Joseph Duffy knew he wasn't going to like what came next. Lying on a table in a room in the orthopedics department of Children's Memorial Hospital's outpatient center, the 3-year-old was watching the saw come closer to the cast wrapped around his hips and leg. It was loud and scary and he began to cry.
David Barashi, a medical clown visiting the facility on Thursday, knew his cue when he saw it. He leaned in, honked his bright red nose, and asked Joseph for a high-five.
Children's Hospital was the last stop on a five-day swing through Chicago area children's hospitals for Barashi, who is from Israel. He spent Thursday morning popping into waiting and exam rooms at the Clark Street facility. The trip was sponsored by Hadassah, a Jewish organization based in Skokie, and the Israeli Consulate of Chicago.
"It's important because when kids come to a hospital…they lose a little bit of what it is to be a child," says Barashi, who goes by the clown name Dodi. "It's to give them some self-confidence again and [remind] them ... that they're a human being."
Laughter may not be a cure-all, but it certainly helps the medicine go down, says Dr. Michelle Sagan, a pediatric orthopedic surgeon at Children's and Duffy's doctor.
"When you see a kid who's smiling and giggling while we're doing something like putting them in a body cast, it's a good sign," Sagan says.
Barashi knows all the tricks - funny voices, quarters behind the ear, hand puppets - but he says humor is just his way of building trust with the kids.
"It's a beginning," he says. "It's a moment when a window opens and we can go inside."
The Dream Doctor Project has about 70 doctors in 22 hospitals in Israel, where therapeutic humor is a more mainstream component of healthcare. Its clowns have traveled to Haiti, India, Ethiopia, and Thailand after the tsunami in 2004, and Barashi will head to Florida when he leaves Chicago. [See pictures from the group's trip to Haiti]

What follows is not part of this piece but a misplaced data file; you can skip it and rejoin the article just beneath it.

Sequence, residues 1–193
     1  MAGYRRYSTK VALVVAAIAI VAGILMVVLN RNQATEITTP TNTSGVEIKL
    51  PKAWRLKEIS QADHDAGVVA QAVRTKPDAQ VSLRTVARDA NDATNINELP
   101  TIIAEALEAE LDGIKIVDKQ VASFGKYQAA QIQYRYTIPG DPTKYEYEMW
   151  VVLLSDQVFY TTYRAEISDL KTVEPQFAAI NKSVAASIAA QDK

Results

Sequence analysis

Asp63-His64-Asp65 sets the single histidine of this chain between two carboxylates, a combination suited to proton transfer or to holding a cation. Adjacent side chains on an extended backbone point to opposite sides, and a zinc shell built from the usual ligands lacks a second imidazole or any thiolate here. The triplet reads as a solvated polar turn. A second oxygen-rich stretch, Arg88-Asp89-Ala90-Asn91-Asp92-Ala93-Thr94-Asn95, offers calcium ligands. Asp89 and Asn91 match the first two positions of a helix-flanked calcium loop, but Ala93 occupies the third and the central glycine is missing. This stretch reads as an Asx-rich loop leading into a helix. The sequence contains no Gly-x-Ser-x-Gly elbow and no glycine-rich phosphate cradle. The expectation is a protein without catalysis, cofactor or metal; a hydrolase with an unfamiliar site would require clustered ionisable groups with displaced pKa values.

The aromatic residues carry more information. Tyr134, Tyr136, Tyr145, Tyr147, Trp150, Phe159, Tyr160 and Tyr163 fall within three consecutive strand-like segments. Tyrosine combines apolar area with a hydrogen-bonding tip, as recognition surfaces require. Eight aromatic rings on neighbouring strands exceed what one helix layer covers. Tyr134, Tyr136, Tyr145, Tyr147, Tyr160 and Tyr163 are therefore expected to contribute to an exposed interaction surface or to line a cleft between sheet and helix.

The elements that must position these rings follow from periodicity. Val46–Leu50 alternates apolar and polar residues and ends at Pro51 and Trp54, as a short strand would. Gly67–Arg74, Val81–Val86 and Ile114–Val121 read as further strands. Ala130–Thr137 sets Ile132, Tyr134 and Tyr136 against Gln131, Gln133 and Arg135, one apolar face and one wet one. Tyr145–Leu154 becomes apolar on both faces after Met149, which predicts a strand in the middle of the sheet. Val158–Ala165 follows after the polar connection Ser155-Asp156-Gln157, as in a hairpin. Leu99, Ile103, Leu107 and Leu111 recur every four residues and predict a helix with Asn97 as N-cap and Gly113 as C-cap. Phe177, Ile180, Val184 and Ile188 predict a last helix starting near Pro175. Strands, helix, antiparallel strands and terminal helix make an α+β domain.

He also visited Rush Memorial Hospital, the University of Chicago Comer Children's Hospital and Advocate Lutheran General in Park Ridge.
"The clowning language is so universal that everybody feels it," Barashi says. "Kids are the same everywhere."
And it's not just kids who get a lift from medical clowns. Sagan says it perks up the staff, too, and Monique Merckelbach, whose three sons each got a red nose and few minutes with Barashi, says she's never seen a dentist visit go so smoothly.
"I looked at the parents when he was interacting with the kids, and you could see them smiling with relief," says Maya Karmely, an officer at the Israeli consulate of Chicago who accompanied Barashi. "They get to see their child be a child again. It's really heartwarming to see."
Four-year-old Samantha Amaya, of Waukegan, spent the 15 minutes before her appointment coloring, blowing bubbles and playing music with Barashi. And though she spoke mostly Spanish, Barashi's sing-song gibberish came through loud and clear.
See more of Liz's stories here.